Ribbon cutting, special bikes mounted, abundant smiles at LIU’s new “flagship”
PLAINS TWP. – The Lucerne Middle Unit showcased its new Lighthouse Academy with a ribbon cutting on Thursday, but the free giveaway of child-friendly bikes and strollers who were able to stage a parade in their new wheels stole the show.
The ribbon cutting marked the culmination of years of effort to purchase and convert a dilapidated former Army Reserve building into what is now LIU’s “Lighthouse Academy”, bringing together various programs that the agency offers students with special needs in Luzerne County and southern Wyoming County.
The building’s transformation was on full display in a pre-ribbon cutting ceremony held in what had been a giant grease-stained garage, now spotlessly clean, a gleaming multi-purpose hall that could be used as a gym or of cafeteria, with a folding wall hidden but ready to divide the space in two.
Two state senators and several representatives joined a large representation of school district administrators and school board members to mark the moment, as well as administrators and staff from LIU, an agency that provides a variety of services to 12 districts and private/parochial schools that seek them. Executive Director Tony Grieco thanked all the politicians who helped cut through the cumbersome red tape of acquiring an ex-military building, made thicker by the fact that middle units don’t often buy real estate, but rent instead.
Lighthouse Academy programs were previously scattered across other buildings, including St. Joseph’s Oblate Seminary and a renovated school in the Hanover area. The space includes 14 classrooms, four therapy rooms and a family room, among others.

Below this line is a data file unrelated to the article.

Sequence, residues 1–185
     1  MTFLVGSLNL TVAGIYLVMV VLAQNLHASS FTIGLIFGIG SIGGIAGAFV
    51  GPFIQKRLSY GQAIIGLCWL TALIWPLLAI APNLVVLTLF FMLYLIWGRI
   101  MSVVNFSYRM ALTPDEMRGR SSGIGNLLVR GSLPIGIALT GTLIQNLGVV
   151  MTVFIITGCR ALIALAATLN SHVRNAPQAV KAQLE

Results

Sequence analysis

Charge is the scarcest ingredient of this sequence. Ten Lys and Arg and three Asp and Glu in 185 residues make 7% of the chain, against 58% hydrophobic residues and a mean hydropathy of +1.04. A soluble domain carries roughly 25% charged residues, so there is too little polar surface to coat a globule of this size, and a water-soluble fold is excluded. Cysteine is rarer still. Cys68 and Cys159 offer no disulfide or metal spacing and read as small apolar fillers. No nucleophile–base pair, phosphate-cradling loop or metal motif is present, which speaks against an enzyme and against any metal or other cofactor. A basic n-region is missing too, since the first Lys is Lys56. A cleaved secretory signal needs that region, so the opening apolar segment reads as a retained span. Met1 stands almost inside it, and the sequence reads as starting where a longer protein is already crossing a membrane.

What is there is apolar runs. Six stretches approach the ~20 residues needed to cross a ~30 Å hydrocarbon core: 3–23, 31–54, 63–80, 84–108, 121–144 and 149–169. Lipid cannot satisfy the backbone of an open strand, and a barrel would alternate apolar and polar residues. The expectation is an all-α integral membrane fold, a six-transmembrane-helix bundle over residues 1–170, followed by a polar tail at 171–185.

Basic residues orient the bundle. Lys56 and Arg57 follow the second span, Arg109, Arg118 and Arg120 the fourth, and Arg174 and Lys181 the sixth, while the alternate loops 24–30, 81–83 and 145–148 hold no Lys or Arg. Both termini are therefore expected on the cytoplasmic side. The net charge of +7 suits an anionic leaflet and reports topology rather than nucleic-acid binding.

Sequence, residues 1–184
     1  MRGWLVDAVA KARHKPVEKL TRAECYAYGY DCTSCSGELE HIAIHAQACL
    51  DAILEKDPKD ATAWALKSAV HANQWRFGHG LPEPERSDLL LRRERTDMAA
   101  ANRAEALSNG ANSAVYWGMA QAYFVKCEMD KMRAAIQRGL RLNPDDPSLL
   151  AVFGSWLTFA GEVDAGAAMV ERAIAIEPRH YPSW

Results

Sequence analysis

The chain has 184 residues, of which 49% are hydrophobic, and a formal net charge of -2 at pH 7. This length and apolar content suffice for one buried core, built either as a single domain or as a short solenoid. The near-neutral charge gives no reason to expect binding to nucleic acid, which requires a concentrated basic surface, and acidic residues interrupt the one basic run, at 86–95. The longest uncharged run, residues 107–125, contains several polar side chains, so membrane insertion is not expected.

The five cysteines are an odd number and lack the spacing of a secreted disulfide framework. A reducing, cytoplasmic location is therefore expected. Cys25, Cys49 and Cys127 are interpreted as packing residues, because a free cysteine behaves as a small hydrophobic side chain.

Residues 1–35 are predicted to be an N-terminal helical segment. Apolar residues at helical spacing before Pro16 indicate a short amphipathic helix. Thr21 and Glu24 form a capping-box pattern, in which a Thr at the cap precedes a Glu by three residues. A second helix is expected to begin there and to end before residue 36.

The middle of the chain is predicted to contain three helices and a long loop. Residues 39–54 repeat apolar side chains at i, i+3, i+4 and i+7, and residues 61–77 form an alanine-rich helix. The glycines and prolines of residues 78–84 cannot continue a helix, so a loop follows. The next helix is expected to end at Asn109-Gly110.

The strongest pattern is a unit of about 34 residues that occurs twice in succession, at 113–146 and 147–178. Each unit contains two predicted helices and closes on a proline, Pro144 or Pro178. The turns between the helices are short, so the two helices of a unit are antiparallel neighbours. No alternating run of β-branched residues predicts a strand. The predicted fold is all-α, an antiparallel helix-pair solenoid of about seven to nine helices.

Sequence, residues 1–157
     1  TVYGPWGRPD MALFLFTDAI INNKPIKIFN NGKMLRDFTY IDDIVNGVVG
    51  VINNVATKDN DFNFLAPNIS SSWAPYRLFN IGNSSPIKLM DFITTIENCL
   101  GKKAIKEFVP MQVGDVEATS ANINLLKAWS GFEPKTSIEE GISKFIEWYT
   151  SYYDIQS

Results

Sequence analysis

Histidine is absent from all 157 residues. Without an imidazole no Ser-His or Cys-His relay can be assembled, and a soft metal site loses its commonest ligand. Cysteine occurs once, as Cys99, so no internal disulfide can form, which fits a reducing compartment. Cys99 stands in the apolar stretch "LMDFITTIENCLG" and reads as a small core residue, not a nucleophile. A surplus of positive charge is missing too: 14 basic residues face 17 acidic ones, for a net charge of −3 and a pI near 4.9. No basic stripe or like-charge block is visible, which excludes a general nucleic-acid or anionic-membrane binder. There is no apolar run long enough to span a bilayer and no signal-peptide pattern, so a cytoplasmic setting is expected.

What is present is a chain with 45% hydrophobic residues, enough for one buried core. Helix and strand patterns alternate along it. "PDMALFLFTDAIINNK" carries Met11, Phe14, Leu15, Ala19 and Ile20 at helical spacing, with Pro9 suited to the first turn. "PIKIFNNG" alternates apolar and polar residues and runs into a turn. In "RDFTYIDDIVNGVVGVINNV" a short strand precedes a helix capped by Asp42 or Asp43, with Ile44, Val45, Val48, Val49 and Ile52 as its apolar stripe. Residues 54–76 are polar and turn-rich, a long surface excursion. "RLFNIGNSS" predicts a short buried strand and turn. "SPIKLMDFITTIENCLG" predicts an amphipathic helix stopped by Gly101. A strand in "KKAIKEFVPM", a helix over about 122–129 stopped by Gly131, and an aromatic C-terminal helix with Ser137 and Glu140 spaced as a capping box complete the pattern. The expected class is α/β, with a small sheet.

“We finally got to the place where we could have our own home,” Grieco said.
State Senator John Yudichak, who plans not to run again when his current term expires, briefly recounted the origin of the state’s 29 Intermediate Units, authorized by Act 102 of 1970. IUs have increasingly had to adapt quickly to the needs of the schools they serve and the offerings the state provides through them, from emergency training to fill a growing shortage of teachers to aid in efforts to vaccination during the COVID-19 pandemic.
“There is no better representation of the entrepreneurial and nimble educational spirit of Pennsylvania’s middle units than our very own Alfalfa IU 18 led by Dr. Tony Grieco,” said Yudichak, I-Swoyersville. “It is not brick and mortar that we celebrate today, it is the lighting of a warm and educational flame that will shine brightly as a new beacon of hope for parents and children. of our region who seek to build a better future in our community.”
While the Academy managed to open at the start of this school year despite the pandemic-induced delays, this was the first official opening, and the LIU managed to give it some extra warmth and smiles by holding an adapted bike presentation for students with special needs in the parking lot outside.
The LIU partnered with Variety Charity in 2019 to help get the special tricycles and strollers — at no cost — for kids who can’t easily sit up or use the conventional versions. Some had to be strapped to both the torso and the feet, some had to have the help of parents or helpers who could steer with a long rod running from the handlebars to near the rear wheels, but once they started to moving in a mini-parade around the lot, there were enough smiles to make it look like the sun had managed to break through a thick cloud of clouds.
And that was just parents and other adults. The smiles of the young people shone even brighter.
Contact Mark Guydish at 570-991-6112 or on Twitter @TLMarkGuydish